Intentional camera movement (ICM) is the photographic technique that involves moving the camera during exposure. The resulting creative effect consists in the continuous superimposition of images on the same focal plane.

Motion in photography

Already at the end of the Nineteenth century Marey and Muybridge experimented with a series of discontinuous photographic shots the representation of people and animals in motion.

But the first to attribute artistic value to blurred photography was in 1913 Anton Giulio Bragaglia. His futurist photodynamism wanted to represent in an image the “effective, realistic dynamism of objects in evolution of real motion”.

Intentional camera movement

ICM in the Twentieth century

The first ICM experiments were carried out by the Italian futurists in the 1930s. In fact, the seed of intentional camera movement was already found in the futurist photography.

Filippo Masoero experimented the research on aerial photography with long exposure in free fall. He achieved the same effect as zooming by being dropped from a plane.

It is from the second half of the Twentieth century that some photographers try their hand at the artistic production of blur.

Among these Giacomo Bucci since the 70s has been dedicated exclusively to intentional camera movement.

Some rules for intentional camera movement

Already in June 1973 Ando Gilardi in the magazine PHOTO 13, collecting the confessions of Giacomo Bucci, wrote: “Giacomo Bucci, along this research, discovered some laws of motion blur programming. Since he is someone who not only believes in technique but also, above all, in his creative imagination, he does something very rare in our profession: he communicates them to the people photographing. We list them:

Exposure time and movement

a) The right times are those ranging from 1 sec. at 1/8 of a sec. The right light is that of twilight which also allows large openings without overexposing. [..].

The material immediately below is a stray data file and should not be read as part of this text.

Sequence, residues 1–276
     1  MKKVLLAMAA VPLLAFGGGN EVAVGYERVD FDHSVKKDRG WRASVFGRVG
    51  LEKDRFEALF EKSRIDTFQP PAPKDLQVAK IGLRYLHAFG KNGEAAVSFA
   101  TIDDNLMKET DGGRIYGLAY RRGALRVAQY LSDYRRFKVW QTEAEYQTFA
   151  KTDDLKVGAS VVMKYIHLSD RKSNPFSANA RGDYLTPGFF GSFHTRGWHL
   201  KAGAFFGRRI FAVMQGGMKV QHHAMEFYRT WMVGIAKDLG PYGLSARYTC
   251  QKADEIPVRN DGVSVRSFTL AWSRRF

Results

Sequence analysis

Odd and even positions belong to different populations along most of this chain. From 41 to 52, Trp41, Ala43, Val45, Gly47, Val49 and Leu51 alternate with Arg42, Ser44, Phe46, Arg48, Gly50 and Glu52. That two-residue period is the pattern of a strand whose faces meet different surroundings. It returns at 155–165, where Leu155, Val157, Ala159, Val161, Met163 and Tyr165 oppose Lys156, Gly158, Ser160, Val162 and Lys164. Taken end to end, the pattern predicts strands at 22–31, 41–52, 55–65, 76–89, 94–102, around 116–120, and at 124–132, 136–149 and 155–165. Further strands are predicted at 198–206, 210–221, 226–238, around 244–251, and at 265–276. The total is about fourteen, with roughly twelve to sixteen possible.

b) The movement is above all that of the camera. It can be continued or limited by the pose. The firm period can be either initial or final. The effects are completely different: [..].

c) With the tele you run more to cover a smaller space.
The smudges are thus more covering the frame. In other words, more important, more “enlarged” in short, and it is also logical.
With the wide angle, on the other hand, you run less. This means that you can better use the longer times for shorter and more convoluted movements.
It is more difficult to program with a wide angle than with a tele, but the former allows for a greater number of solutions.

mosso intenzionale ICM photography

Lights and Shadows

d) Looking at the aim it is possible to foresee where the lights streaked by the blur will end up. They must end up – during and at the end of the movement of the photocamera – where a darker area of the subject used to be: that’s where they will find enough “virginity” in the film to register!

e) Subjects where intense and small lights or dense and large shadows coexist are the best: the former, by moving the photocamera, can be inscribed in the latter.